Responding to an inspector general’s audit that uncovered dozens of misclassified rapes, New Orleans Police Superintendent Ronal Serpas acknowledged Wednesday there is room for improvement in the department’s crime reporting, even as he disputed the audit and insisted no one under his watch has attempted to “game the stats.”

While Inspector General Ed Quatrevaux said he found no sign the reporting errors were intentional, the audit marked the latest in a string of studies that have revealed improper downgrading of crimes by the NOPD and raised troubling questions about the accuracy of the department’s crime statistics — figures published by the FBI’s Uniform Crime Reporting Program that supposedly offer an annual snapshot of how safe the city is.

Allegations of downgrading followed Serpas to New Orleans after he left the Metropolitan Nashville Police Department in 2010, and similar concerns emerged last year in a legislative audit and a separate inspector general’s report that found police misclassified scores of thefts in and around the French Quarter.

Nearly a third of the incidents reviewed in the legislative audit should have been reported as serious crimes to the state and FBI but weren’t for a host of reasons, including a computer bug and misclassifications.

But Serpas emphasized Wednesday that none of those examinations attributed reporting deficiencies to any legerdemain on the part of NOPD officers. He said state experts with the Louisiana Commission on Law Enforcement, who recently audited 20 sexual assault cases worked by the department, “supported us overwhelmingly in our classification of investigations and reporting rapes.”

“The key issue here is that no investigation has determined, in our time, that there was any purposeful miscalculations,” Serpas told reporters. “We just try to get it right, and if someone points out where we can do it better, of course we want to. But when we can point out that our detectives have made the right choices as supported by state experts, we don’t know how anybody could choose to disagree with that.”

Quatrevaux’s latest audit was prompted by the department’s 2012 crime data, which according to FBI statistics showed forcible rape in New Orleans — a city that has one of the highest murder rates in the country — was 43 percent lower than in 24 other cities with the highest crime rates. The audit, which covered June 2010 to May 2013, found the NOPD misclassified nearly half of the 90 offenses reviewed by the Inspector General’s Office, often by filing cases as “miscellaneous incidents.”

The misuse of the “miscellaneous” classification, known in police parlance as a Signal 21, has been a well-documented problem in the department. In 2009, The Times-Picayune found that 60 percent of all sexual-assault calls in 2008 had been labeled miscellaneous incidents, an eyebrow-raising percentage. Serpas, after taking office in 2010, ordered a review of those cases, many of which were reopened, and an audit by the state law enforcement commission later determined that a third of 93 cases had been misclassified.

The U.S. Department of Justice, which conducted a wide-ranging review of the NOPD leading to a court-ordered overhaul of the department, reported in 2011 that officers had “systematically misclassified large numbers of possible sexual assaults, resulting in a sweeping failure to properly investigate many potential cases of rape, attempted rape and other sex crimes.” That review also alluded to the pitfalls of the “miscellaneous” category, a designation where many sexual assault investigations apparently met an abrupt end.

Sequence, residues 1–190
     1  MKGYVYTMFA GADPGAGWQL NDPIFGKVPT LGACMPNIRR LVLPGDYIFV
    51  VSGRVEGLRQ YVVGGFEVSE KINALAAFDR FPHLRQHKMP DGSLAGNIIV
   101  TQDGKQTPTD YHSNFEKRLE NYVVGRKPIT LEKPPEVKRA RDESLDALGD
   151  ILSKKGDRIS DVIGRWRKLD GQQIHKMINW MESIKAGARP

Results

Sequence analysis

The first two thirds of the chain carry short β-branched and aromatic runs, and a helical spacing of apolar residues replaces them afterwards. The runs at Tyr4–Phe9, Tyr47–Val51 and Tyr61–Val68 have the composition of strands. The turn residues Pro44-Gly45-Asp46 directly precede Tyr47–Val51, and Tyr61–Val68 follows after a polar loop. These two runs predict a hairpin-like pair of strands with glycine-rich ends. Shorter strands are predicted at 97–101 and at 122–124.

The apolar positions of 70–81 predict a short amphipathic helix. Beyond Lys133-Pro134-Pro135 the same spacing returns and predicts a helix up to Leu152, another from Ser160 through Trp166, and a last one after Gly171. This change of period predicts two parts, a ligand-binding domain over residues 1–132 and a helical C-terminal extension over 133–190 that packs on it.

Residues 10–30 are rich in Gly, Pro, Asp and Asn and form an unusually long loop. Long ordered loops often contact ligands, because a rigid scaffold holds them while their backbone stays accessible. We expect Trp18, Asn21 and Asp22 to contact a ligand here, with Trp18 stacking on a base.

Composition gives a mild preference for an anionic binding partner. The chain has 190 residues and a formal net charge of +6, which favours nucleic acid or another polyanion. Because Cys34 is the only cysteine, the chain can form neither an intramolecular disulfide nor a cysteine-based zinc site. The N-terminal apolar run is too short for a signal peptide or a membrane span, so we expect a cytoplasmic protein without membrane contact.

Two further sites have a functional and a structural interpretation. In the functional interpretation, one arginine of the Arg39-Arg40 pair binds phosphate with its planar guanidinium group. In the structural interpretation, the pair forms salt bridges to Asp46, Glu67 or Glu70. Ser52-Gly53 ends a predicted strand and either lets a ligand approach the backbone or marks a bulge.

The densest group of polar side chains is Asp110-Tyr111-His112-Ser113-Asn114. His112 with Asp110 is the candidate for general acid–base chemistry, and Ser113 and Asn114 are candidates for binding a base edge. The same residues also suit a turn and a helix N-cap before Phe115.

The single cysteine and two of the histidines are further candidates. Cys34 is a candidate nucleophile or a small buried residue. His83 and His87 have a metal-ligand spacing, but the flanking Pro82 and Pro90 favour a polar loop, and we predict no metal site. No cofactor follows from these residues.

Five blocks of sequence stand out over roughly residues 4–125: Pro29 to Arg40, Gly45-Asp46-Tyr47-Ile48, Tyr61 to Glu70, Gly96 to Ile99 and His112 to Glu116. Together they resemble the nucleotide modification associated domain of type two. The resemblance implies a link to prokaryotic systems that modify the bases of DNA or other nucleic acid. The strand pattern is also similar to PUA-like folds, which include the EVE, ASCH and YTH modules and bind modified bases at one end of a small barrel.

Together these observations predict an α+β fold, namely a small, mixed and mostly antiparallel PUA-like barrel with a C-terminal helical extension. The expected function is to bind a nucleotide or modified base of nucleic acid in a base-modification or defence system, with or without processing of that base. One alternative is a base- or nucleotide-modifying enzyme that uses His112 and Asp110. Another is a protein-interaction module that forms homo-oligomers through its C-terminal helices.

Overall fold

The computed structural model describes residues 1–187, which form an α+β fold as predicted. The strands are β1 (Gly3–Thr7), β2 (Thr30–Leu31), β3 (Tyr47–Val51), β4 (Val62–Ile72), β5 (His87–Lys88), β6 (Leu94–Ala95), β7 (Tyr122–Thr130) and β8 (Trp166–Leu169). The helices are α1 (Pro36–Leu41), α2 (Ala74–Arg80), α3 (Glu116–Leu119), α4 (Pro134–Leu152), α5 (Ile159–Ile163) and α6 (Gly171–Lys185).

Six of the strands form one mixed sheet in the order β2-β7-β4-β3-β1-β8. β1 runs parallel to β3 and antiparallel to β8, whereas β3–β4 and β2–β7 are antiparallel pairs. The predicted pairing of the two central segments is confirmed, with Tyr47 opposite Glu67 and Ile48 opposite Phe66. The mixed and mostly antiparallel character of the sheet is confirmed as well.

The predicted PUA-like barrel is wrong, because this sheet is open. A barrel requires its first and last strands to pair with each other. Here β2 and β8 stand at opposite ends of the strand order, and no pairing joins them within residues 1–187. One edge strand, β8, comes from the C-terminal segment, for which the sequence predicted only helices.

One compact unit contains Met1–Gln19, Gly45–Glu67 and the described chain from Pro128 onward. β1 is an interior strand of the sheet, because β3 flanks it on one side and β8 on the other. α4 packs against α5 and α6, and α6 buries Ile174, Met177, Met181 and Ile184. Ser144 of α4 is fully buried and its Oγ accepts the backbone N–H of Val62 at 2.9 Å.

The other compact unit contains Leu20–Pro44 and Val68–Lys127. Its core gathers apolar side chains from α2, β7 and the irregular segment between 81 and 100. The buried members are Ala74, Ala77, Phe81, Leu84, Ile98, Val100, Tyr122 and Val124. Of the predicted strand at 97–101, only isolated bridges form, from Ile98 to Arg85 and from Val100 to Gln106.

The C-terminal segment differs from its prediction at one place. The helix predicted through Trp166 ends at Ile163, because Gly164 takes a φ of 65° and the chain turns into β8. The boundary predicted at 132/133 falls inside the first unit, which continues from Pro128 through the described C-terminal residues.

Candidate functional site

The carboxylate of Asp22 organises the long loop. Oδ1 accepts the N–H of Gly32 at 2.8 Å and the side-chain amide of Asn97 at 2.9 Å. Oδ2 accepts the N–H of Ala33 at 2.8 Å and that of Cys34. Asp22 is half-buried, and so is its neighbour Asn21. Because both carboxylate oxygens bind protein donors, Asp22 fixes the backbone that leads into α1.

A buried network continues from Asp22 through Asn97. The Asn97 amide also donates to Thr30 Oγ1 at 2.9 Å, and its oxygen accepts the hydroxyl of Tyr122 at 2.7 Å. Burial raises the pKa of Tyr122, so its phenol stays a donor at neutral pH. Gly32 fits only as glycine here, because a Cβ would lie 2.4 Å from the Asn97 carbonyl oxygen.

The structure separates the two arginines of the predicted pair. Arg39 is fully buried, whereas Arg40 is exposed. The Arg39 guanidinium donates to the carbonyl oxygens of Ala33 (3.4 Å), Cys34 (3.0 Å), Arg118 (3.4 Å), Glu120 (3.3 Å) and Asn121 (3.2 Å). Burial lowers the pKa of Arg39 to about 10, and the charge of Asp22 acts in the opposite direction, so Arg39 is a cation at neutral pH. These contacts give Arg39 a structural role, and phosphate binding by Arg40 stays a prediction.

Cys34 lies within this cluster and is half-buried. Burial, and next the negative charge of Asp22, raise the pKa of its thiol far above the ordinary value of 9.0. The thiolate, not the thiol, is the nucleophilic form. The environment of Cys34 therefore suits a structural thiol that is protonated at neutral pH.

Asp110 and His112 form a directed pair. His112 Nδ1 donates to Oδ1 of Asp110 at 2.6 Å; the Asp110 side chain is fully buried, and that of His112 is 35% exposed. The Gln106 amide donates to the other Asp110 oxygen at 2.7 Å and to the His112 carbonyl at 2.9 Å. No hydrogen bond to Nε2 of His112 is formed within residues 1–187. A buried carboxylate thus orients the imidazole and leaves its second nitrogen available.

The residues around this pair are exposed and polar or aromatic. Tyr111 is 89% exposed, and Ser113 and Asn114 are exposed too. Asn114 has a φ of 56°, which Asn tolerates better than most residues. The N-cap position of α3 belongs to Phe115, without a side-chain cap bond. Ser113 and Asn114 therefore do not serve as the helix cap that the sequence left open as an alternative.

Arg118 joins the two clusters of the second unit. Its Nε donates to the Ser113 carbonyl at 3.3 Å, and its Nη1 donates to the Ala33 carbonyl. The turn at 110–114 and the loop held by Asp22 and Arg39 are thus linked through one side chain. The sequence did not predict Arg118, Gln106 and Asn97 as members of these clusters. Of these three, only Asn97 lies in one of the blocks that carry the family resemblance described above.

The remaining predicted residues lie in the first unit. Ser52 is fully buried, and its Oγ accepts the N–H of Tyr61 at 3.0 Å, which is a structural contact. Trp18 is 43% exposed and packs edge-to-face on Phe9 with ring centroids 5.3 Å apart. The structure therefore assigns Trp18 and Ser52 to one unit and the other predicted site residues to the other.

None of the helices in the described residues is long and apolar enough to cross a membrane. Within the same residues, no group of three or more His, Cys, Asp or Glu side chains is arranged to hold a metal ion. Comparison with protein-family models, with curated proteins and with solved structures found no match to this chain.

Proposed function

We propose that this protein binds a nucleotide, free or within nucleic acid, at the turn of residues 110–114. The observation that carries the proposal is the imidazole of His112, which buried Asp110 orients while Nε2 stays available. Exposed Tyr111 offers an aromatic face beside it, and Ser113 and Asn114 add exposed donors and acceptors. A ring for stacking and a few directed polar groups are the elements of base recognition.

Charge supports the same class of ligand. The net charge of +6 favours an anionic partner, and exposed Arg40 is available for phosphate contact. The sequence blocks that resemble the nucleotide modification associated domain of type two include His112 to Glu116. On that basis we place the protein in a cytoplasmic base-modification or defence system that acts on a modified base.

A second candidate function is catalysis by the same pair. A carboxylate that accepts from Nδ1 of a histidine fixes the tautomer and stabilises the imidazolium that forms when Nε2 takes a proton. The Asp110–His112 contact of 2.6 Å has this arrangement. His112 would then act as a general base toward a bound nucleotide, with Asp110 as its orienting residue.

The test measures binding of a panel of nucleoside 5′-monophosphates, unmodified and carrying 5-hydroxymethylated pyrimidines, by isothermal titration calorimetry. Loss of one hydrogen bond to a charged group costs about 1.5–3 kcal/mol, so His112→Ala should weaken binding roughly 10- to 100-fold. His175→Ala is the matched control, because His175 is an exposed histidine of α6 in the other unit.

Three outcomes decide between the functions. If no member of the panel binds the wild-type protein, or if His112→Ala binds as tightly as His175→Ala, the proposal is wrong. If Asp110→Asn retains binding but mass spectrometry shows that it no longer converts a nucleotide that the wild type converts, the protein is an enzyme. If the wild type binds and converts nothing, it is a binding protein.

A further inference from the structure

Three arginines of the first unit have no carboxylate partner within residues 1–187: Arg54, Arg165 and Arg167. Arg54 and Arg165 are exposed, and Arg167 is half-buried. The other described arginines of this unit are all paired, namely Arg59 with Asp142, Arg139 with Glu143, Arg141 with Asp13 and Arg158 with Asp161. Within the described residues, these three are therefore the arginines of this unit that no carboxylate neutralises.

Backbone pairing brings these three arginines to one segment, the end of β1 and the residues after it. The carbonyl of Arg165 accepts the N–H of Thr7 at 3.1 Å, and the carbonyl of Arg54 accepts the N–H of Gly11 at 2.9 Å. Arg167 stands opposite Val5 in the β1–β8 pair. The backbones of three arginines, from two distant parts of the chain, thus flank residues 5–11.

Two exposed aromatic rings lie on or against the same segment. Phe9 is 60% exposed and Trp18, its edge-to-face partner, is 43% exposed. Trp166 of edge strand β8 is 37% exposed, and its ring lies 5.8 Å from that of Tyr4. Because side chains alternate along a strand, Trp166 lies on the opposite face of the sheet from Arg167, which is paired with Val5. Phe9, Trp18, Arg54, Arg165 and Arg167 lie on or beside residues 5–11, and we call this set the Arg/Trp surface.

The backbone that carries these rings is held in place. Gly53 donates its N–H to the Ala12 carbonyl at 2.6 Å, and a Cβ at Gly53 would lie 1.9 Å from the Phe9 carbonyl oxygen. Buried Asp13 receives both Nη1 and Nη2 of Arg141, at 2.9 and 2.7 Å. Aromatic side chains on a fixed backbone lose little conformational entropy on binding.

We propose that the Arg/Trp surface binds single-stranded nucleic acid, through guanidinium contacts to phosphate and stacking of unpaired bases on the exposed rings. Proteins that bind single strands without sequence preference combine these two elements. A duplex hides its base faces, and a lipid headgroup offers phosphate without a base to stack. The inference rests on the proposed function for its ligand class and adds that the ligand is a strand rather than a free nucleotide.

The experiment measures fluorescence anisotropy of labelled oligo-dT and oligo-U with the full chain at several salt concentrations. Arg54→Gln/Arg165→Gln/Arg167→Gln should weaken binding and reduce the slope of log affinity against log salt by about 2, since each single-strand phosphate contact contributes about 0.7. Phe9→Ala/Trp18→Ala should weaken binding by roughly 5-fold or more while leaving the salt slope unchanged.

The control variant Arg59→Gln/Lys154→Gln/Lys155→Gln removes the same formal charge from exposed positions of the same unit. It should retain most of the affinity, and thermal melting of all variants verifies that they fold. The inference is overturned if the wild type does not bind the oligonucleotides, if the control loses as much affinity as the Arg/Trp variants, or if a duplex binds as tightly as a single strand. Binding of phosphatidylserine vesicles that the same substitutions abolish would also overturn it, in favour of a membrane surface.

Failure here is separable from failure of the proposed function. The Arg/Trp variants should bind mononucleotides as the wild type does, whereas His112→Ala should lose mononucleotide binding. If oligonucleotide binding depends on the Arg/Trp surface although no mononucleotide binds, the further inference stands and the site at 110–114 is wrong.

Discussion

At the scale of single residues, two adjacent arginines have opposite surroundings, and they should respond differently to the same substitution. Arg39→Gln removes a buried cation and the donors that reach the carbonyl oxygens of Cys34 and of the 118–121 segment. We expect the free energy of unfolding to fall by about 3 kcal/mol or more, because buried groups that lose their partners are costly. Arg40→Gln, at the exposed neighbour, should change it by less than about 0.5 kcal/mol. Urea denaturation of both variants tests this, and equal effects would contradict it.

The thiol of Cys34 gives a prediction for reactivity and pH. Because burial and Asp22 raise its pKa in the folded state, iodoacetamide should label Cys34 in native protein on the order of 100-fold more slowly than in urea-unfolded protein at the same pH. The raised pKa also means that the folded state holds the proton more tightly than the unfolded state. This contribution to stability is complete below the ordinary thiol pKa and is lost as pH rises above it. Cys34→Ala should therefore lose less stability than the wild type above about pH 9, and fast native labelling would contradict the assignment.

Quatrevaux’s audit also pointed to several cases in which it said rapes were improperly classified as miscellaneous incidents when allegations were deemed “unfounded.” Unfounded complaints don’t affect the tally of rapes published by the national Uniform Crime Reporting program, but the figures are examined by the FBI for any statistical aberrations in how many rape complaints departments determine to be unfounded.

The audit recommended the department do away with the miscellaneous classification altogether. “Miscellaneous is not a code for rapes,” Quatrevaux said in a radio interview Wednesday with WWL.

Serpas and Quatrevaux also differ sharply on whether police should report all known forcible-rape offenses, regardless of whether a victim chooses to cooperate.

On Wednesday, Serpas sought to underscore the progress he said the NOPD rape unit has made during his tenure. “When we got here in 2010, the unit, quite honestly, was a dismal failure,” he said. Since that time, he said, the department has “cleared up” more than 800 backlogged rape kits and “accepted as a principle that our detectives should investigate to prove a crime happened — not to disprove a victim and survivor.”

“As a result of that, an unmistakable fact is that in the last four years of our time,” Serpas added, “we have reported 70 percent more sexual assaults to the state of Louisiana following the rules as we believe the rules should be followed.”

Robert Mehrtens, deputy director of the Louisiana Commission on Law Enforcement, said in a telephone interview that Serpas has taken positive steps to improve the department’s classification and crime reporting. Of the 20 sexual assault cases the commission recently reviewed, four had been misclassified — a result Mehrtens characterized as “basically passing muster.”

“Everything we’ve asked him to improve in the reporting, he’s done,” Mehrtens said of Serpas. “He has opened a line of communication with us and is actually telling me, ‘If we’re wrong, tell us.’ ”

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